SPRINGFIELD - Gov. Pat Quinn's top aides admit that borrowing to balance state spending isn't a great option, but claim it's the best of the bad choices left at this point.
State lawmakers have been unable to agree on tax increases or massive cuts to try to wipe out a nearly $13 billion deficit. Borrowing billions to make needed pension payments also was rejected when lawmakers last met at the Capitol.
As they prepare to head back for another round of budget votes, Quinn's budget team met with the Daily Herald to try to explain why borrowing is the most fiscally responsible move.
Quinn's Chief of Staff Jerry Stermer pointed out that the state can borrow at a 4.5 percent interest rate, whereas if the pension payment is shorted, the state is automatically hit with 8.5 percent interest in making up the shortfall. And pushing off billions in state payments to vendors to make the budget look balanced incurs a 12 percent interest rate under late-payment laws.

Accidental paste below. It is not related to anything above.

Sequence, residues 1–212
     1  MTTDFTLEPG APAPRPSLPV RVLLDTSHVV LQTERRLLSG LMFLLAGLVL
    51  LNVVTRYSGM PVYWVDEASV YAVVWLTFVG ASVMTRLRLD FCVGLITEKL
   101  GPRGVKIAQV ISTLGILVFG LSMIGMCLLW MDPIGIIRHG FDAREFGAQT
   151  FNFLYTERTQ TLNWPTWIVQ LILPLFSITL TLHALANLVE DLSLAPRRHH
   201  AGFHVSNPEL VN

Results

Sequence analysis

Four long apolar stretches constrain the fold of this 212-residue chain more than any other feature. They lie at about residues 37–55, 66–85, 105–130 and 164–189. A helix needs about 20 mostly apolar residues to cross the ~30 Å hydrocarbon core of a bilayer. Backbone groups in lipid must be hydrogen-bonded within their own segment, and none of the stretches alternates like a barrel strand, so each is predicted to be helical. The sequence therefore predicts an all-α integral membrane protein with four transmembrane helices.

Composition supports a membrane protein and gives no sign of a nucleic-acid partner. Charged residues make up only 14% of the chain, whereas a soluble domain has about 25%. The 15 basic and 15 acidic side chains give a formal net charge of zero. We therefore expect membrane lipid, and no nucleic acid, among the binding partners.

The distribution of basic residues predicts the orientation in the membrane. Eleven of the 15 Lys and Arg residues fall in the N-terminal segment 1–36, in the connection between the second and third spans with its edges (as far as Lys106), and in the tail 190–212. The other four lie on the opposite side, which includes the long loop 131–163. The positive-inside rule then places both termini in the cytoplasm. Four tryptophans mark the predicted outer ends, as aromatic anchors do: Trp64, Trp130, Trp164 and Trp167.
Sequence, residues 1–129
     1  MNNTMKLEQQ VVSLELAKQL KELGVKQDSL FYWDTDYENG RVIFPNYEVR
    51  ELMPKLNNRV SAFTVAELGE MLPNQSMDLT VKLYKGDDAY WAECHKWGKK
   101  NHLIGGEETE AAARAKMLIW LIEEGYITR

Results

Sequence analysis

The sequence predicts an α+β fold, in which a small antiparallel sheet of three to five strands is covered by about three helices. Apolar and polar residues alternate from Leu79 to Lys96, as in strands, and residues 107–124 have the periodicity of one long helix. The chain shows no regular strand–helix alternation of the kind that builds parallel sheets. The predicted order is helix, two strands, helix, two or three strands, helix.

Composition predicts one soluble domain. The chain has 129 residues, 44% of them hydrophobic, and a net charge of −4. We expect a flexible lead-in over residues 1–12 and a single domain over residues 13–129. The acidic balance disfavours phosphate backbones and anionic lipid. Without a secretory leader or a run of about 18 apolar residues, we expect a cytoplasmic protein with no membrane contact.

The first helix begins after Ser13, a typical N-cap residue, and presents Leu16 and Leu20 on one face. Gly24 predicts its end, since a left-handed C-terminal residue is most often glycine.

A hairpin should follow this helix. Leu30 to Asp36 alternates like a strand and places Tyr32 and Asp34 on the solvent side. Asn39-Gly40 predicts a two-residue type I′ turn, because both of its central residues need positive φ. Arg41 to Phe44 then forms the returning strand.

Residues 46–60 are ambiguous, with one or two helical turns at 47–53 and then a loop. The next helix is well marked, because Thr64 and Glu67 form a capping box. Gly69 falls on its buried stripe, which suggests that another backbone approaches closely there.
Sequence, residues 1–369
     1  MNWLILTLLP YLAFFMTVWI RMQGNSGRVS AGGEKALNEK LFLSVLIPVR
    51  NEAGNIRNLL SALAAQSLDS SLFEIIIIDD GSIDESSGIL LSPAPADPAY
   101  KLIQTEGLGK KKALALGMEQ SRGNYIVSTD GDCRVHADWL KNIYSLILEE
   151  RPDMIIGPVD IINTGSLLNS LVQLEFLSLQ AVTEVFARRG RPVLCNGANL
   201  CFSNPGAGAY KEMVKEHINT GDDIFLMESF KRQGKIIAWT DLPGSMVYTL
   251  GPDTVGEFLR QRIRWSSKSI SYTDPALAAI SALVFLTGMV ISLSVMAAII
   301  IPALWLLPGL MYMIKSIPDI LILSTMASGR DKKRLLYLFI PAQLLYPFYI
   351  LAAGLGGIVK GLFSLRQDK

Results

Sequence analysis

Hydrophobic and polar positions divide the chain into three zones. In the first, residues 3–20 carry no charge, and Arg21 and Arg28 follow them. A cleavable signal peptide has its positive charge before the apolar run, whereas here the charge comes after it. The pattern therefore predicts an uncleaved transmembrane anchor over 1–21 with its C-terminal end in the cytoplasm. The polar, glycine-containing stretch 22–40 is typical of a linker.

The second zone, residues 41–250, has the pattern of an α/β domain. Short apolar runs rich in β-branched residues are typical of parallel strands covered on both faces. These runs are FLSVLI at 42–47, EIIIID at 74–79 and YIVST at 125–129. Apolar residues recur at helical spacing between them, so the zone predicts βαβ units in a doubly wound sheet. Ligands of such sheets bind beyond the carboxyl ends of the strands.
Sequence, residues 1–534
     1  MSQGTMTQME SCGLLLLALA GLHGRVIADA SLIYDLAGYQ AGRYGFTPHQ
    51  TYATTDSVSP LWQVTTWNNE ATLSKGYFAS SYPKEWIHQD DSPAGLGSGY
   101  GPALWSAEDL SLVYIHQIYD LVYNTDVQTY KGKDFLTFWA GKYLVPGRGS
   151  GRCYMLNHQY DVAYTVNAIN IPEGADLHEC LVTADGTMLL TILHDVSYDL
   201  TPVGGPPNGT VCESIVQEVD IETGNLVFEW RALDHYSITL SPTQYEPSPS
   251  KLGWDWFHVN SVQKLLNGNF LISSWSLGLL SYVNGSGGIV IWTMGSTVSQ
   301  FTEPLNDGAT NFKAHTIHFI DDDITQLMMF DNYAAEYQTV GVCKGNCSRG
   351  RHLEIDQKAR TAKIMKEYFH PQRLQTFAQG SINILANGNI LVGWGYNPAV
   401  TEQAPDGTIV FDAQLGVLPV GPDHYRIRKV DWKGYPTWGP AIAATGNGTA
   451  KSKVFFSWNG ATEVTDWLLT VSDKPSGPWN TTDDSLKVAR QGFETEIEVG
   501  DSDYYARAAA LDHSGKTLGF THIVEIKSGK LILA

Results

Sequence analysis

Given those choices and the rejection of other proposals, Stermer said borrowing at 4.5 percent makes the most sense.
"Our analysis is we ought to do the most fiscally conservative thing," he told the Daily Herald editorial board.
The problem is the state borrowed $3.5 billion last year to make the pension payment. Plus, whenever the state runs up debt, it requires the support of 60 percent of lawmakers rather than a simple majority. In the House, that brings Republicans into play in the Democrat-dominated General Assembly. Assuming all House Democrats vote for a borrowing plan - something so far they've not done - they would still need at least one Republican vote to approve it.
So far, Republicans see little reason to go along, saying deeper cuts and efficiencies are needed to lure their votes. They were united in rejecting a pension-borrowing plan earlier this month.
"Nothing has changed since May 7 when we voted 'no,'" said Sara Wojcicki, spokeswoman for House Republican leader Tom Cross of Oswego.
The Illinois House is scheduled to return to the Capitol on Monday and continue its session through Wednesday, when the Illinois Senate is due back.
They face a May 31 constitutional deadline to approve a budget, or else the super majority requirement for passage kicks in. However, given the likelihood of borrowing in the plan, that already appears to be a requirement. The new budget year begins July 1.